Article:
The Russian LGBT network says they have helped spirit 119 people out of Chechnya, 98 of which have also left Russia.
Officials in Chechnya deny any crackdown occurred.
"We don't have any gays here. If there are any, take them to Canada," the republic’s leader Ramzan Kadyrov told an interviewer in July last year, after laughing off questions about the purge.
HRW’s Lokshina says at least four men are suspected to have been killed or died from torture. Some remain missing.
A ‘really sweet guy’
Bakaev remains one of the missing.In September last year a video was posted on YouTube in which he is filmed smiling and nervously shuffling about an apartment, which he says is in Germany.
His friends immediately claimed it was staged and filmed in Chechnya, noting furniture and other goods that are not available in Germany. Authorities in Berlin said they have no record of someone arriving under his name.
“He was a really sweet guy and people really felt for him,” says Harlem.
“Zelim’s last year in Moscow was a tough one … he broke up with his boyfriend who he had been together with for two years and was fired from his work in Chechnya,” he recalls.
1,500 kilometers (932 miles) away in Moscow, Bakaev still feared the long arms of the Kadyrov’s forces, particularly after a friend disappeared into the vortex of the republic’s crackdown. He frequently changed addresses in order to shake off pursuers.
The vast Chechen diaspora abroad is tight-knit and can haunt Chechens who manage to escape the suffocating environment of their homeland.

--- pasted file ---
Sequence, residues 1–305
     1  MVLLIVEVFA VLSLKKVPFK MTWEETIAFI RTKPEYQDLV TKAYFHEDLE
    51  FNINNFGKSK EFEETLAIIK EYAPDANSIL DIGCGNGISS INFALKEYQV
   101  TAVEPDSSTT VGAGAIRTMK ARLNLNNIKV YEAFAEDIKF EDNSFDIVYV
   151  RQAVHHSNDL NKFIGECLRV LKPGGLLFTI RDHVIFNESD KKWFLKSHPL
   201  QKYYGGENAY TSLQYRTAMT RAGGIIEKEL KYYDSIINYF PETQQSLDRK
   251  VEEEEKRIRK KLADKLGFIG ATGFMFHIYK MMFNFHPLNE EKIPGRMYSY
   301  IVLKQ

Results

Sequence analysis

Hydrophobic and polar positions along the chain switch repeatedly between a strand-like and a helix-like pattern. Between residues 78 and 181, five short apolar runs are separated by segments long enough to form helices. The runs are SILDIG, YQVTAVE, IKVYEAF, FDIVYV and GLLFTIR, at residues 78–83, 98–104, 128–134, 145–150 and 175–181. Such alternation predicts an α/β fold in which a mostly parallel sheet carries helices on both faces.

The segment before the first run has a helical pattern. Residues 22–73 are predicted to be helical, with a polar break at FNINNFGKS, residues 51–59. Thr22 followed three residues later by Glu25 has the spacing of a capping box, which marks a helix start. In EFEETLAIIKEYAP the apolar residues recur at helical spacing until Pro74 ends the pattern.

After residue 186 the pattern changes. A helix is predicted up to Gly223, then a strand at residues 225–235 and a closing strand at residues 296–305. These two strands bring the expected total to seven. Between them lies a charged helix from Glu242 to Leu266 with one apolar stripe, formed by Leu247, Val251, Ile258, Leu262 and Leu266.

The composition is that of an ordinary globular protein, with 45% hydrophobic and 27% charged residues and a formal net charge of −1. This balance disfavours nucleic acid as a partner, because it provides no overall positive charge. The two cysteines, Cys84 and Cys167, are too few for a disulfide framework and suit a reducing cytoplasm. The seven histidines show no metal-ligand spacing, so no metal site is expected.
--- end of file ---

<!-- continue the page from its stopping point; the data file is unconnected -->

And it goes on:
Piet de Bruyn, a Belgian senator who met with several LGBT exiles while compiling a report on the crackdown for the Council of Europe, said many of those granted protection in Europe still live in fear of being discovered by unsympathetic compatriots.
One gay man he met was working in a store in a European capital city.
“At a certain point two people entered the store without saying anything but he recognized them as being Chechen people,” Piet recalls in an interview.
“The next day they came back to the store and handed over to him a mobile and on that phone he heard his uncle calling on him to come home because he needed [to] explain what he was doing in this European capital,” de Bruyn recalls.
“Even though he was literally thousands of kilometers away from Chechnya, within a few weeks they managed to locate him.”.
Despite the more than a hundred who fled and a slew of witness accounts, Russia’s federal authorities have not opened an investigation into the round-ups. It is not known if President Vladimir Putin -- who the Chechen leader Kadyrov has said is the only person he will listen to -- had any role in putting an abrupt halt to the crackdown last year.
De Bruyn says given the Russian justice minister’s denial that there are even LGBT people in the republic, he doesn’t think “a Russian investigation would be an impartial full investigation -- I’m afraid it will not be.”
Earlier this month, Harlem and his LGBT World Beside received a shimmer of hope that their pleas are being heard in Europe.
Fifteen members of the Organization of Security and Cooperation in Europe (OSCE) invoked a mechanism that demands answers from fellow member state Russia on how it is investigating the allegations regarding Chechnya.
“The Russian Federation’s apparent unwillingness or inability to address these serious human rights violations has contributed to a climate of impunity for authorities in Chechnya in perpetrating such violations,” the delegation, which includes Canada, Germany, the United Kingdom and United States said.